Faculty geriatrician Peter Pompei says he relies on SHC interpreters,
such as Russian language professional Margarita Bekker, right,
during every clinic appointment.
Faculty geriatrician Peter Pompei says he relies on the help of SHC’s Interpreter Service at every clinic he attends, because among its benefits is good evidence-based medicine that can sometimes prevent dangerous misunderstandings.
That’s how he learned about sunspots and intermittent use of blood pressure medications from Russian language interpreter Margarita Bekker.
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“I kept wondering about a predilection among so many of my Russian patients to take their blood pressure medications episodically, and Margarita told me one day that there is a belief in Russia that high blood pressure is related to sunspot activity. The newspapers even report sunspots in the daily weather forecasts,” recalled Pompei. “Margarita was able to interpret not only for me, but she has huge credibility to reinforce to my Russian patients why they need to take meds consistently.
“I’m a big user of interpreters. They provide an invaluable service as cultural guides in being able to connect with a patient, not to mention that often what they uncover and interpret can save lives,” Pompei said.
It was to avoid misunderstandings and provide optimal medical care that Alberto Molina, assistant director of Interpreter Services, wrote to Chief of Staff Bryan D. Bohman and other leaders in April to remind attending physicians to call on interpreters every time they interact with a patient with limited English proficiency (LEP).
Molina cited such cases as a patient who was taken to Stanford in critical condition after he thought his doctor at another institution had told him to stop taking “a” medication. The patient reportedly interpreted the instruction as “all” medications. The patient did not survive.
Another patient suffered the indignity of having a neighbor she barely knew observe her gynecological exam because no one understood he was a casual acquaintance who had driven her to a clinic appointment. “In this case, having an interpreter present might have corrected the assumption that the person was a close family member entitled to be in the room,” Molina said.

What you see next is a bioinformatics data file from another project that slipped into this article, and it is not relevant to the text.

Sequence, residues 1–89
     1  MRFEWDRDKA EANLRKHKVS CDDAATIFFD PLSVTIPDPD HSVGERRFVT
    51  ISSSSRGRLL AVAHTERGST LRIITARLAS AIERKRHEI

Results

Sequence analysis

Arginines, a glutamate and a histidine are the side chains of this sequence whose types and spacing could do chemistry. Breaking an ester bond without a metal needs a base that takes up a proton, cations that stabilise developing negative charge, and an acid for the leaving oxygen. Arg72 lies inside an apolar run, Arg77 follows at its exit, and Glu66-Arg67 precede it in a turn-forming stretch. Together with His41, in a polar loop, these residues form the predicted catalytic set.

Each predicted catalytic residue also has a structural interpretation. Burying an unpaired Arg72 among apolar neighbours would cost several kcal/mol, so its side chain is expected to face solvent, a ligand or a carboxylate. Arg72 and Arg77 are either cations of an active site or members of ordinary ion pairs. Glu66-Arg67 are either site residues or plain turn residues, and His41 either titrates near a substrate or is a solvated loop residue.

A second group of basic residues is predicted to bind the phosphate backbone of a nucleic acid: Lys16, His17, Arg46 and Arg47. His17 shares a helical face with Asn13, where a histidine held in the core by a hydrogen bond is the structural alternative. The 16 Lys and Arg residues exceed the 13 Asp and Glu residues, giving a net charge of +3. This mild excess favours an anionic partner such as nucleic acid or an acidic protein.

“Accurate and complete information simply facilitates better decisions and treatment outcomes,” said Molina. “SHC and the Joint Commission see it as a matter of quality care and patient safety.”
“When you try to cut corners and rely on a family member or your own social, family or vacation-based knowledge of a language, you are doing so at your own peril,” said Bohman. The literature documents the evidence-based importance of clear communication, Molina noted.
“House staff members seem to understand the need for our services,” said Molina, who regularly brings in-service training sessions to SHC clinical service meetings as well as medical students, “but it’s important for attendings to support the use of professional interpreters both for themselves and for their trainees.”
Stanford offers interpretation in about 200 languages provided 24/7. On staff are 34 certified medical interpreters, who provide both face-to-face interpretation and video conference links that can be activated flexibly in outpatient clinics. A pool of interpreters in virtually any language anytime via telephone or on-call.
Bohman, Pompei and Molina all agree that, realistically, scheduling delays can occur when a physician walks into a room to find a patient with whom he or she cannot converse in English. “But the decision to proceed using a family member or limited non-English skills is not worth the risk, and in fact opens the physician and the hospital to potential regulatory or legal sanctions,” Bohman said.
“There is almost always something important that is disclosed with the intervention of interpreters,” noted Pompei. “Delays in care can be minimized, he said, by having staff proactively schedule the interpreter at the time the appointment is made.
The interpreters are tested not only for language proficiency but also in medical terminology and related skills they need to be effective. About 60 percent of the in-house interpreters came to Stanford as interns while completing a master’s degree at the Monterey Institute of International Studies. Interpreters are rigorously tested for critical short-term memory agility before they are hired, Molina explained, “and this is one of the most important skills our professionals bring to the table.”
Internal Medicine Specialist Clarence H. Braddock, associate dean for medical education and professor of medicine, said a variety of support services in patient communication will soon be implemented for physicians, including simulation-based training in LEP. Ongoing in-service training for the full range of caregivers is available by contacting Interpreter Services.
While many attending physicians see the need for interpreters in so called “cognitive” specialties, John Morton, chief of bariatric surgery and section chief of minimally invasive surgery, recently invited Molina to participate in grand rounds to augment the cultural competency of surgeons.
“Surgeons need interpretation as much if not more than other physicians, Morton explained. For example, in bariatric surgery, physicians need to be able to reinforce important dietary information.
“And perhaps most critically, when we go over risks, benefits and alternatives with our patients prospectively, we need to understand goals and be able to communicate options,” Morton explained. “It’s simply a crucial component of good medicine.”
To contact or schedule an interpreter, call (650) 723-6940. To contact an interpreter, call (650) 723-6940, page (24/7) 17726, or email interpreterservicesSHC@stanfordmed.org.